Axiata in a pickle over stake in loss-making associate Idea Cellular

This article first appeared in The Edge Malaysia Weekly, on May 14, 2018 - May 20, 2018.
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AXIATA Group Bhd appears to be caught between a rock and a hard place when it comes to its investment in loss-making India associate Idea Cellular Ltd. Idea’s share price has plunged more than 60% since Axiata emerged as a strategic investor. It acquired 19.96% equity interest in the mobile network operator in 2008, and a divestment of the stake would likely result in substantial losses.

Talk of a potential disposal has been making the rounds because of the continuing dilution of Axiata’s stake due to several preferential share issuances ahead of Idea’s proposed merger with Vodafone India Ltd.

For Axiata’s financial year ended Dec 31, 2017 (FY2017), its share of losses from Idea was RM450.5 million — compared to a profit of RM65 million a year earlier — weighed on the former’s financial performance. For its fourth quarter ended March 31 (4QFY2018), Idea was in the red for a sixth consecutive quarter amid a price war among telcos in India.

Axiata’s share of profit from Idea grew from RM99.88 million in FY2012 to RM368.77 million in FY2015, accounting for 11% of the group’s pre-tax profit for the year. Axiata’s share of profit declined to RM65.07 million in FY2016 and slipped into the red in FY2017 and its share of the loss amounted to RM450.46 million.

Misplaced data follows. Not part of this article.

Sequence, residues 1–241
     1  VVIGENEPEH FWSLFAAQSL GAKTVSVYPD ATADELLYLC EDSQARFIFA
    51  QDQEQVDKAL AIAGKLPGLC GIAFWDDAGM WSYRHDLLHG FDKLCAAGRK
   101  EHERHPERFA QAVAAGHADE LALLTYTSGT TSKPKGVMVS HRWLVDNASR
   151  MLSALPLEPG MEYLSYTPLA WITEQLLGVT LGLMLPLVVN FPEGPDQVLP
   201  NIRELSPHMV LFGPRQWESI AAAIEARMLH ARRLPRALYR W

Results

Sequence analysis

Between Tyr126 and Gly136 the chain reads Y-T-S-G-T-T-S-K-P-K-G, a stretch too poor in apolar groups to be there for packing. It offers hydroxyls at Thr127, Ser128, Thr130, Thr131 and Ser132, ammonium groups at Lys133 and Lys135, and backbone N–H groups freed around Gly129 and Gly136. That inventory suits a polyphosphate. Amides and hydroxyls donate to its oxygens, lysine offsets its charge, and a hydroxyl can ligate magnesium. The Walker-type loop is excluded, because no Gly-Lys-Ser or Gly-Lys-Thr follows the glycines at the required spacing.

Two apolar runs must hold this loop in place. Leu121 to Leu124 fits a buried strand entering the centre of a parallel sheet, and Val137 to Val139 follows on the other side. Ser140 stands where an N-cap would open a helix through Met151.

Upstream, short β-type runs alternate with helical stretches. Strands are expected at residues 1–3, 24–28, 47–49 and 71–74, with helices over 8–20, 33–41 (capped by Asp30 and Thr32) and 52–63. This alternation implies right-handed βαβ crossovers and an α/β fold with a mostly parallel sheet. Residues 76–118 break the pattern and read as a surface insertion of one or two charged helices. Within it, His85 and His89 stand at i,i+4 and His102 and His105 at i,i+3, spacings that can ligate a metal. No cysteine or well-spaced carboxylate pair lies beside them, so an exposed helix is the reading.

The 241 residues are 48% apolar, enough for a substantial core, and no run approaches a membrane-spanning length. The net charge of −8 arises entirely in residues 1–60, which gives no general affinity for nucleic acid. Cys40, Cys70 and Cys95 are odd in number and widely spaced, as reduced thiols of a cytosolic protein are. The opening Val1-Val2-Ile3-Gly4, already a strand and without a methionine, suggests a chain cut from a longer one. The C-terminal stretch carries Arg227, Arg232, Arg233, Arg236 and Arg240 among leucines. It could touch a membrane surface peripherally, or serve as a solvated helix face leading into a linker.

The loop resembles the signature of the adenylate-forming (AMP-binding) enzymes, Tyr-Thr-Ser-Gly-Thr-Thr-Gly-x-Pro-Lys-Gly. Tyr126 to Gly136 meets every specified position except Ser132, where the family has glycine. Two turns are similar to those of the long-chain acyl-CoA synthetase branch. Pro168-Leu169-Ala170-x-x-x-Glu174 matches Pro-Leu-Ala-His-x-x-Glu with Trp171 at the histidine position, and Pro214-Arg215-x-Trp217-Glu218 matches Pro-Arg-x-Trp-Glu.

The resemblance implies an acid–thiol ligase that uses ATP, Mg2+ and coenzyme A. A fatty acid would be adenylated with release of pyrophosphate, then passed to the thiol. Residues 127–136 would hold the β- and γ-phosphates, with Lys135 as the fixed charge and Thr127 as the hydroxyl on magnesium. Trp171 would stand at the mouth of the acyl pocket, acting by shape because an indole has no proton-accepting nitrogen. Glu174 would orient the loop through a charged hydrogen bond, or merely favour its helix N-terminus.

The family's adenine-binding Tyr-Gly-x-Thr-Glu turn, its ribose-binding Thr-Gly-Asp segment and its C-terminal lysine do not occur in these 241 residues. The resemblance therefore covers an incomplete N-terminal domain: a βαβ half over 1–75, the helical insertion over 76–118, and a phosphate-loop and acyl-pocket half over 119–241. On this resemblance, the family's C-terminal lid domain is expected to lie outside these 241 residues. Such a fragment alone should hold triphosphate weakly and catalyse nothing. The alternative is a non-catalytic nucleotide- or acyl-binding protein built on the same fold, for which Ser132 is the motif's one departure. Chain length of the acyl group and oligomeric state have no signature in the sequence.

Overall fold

The group has not received any dividends from Idea for the past two financial years, since RM28.34 million payout in FY2015.

In 2008, TM International Bhd — Axiata’s iteration prior to its demerger from Telekom Malaysia Bhd — signed a deal with Idea, Aditya Birla Group and Spice Communications Ltd, which allowed TM International to expand its footprint in India.

The deal involved the subscription of 14.99% equity interest in Idea for INR72.95 billion (RM5.54 billion at the time) or INR156.96 per share, before seeing its stake increase to over 19.96% following the merger of Idea and Spice.

However, Idea’s share price has been on a downward trend over the past three years, after peaking at an adjusted price of about INR180 in March 2015, and it has since plunged 67% to INR51.20 at the time of writing.

If Axiata were to dispose of its stake in Idea, it would certainly be at a loss.

On the other hand, if the group were to hold on to its stake in the hope of better times ahead, it remains to be seen whether Idea will succeed in the tough conditions brought about by the entry of a highly disruptive mobile network operator.

 

Enter Jio, fierce competition

Reliance Jio Infocomm Ltd, or Jio, is a mobile network operator owned by Reliance Industries Ltd — a conglomerate run by Indian billionaire Mukesh Ambani — which was commercially launched in September 2016.

Within the first month, the operator said it had acquired about 16 million subscribers and it went on to cross the 50 million mark 83 days after launching, making it the fastest ramp-up by any mobile network operator anywhere in the world.

By end-2017, Jio was the fourth largest telco in India with about 160 million subscribers, or 16.43% of market share, after Bharti Airtel (23.39%), Vodafone (17.87%) and Idea (16.7%).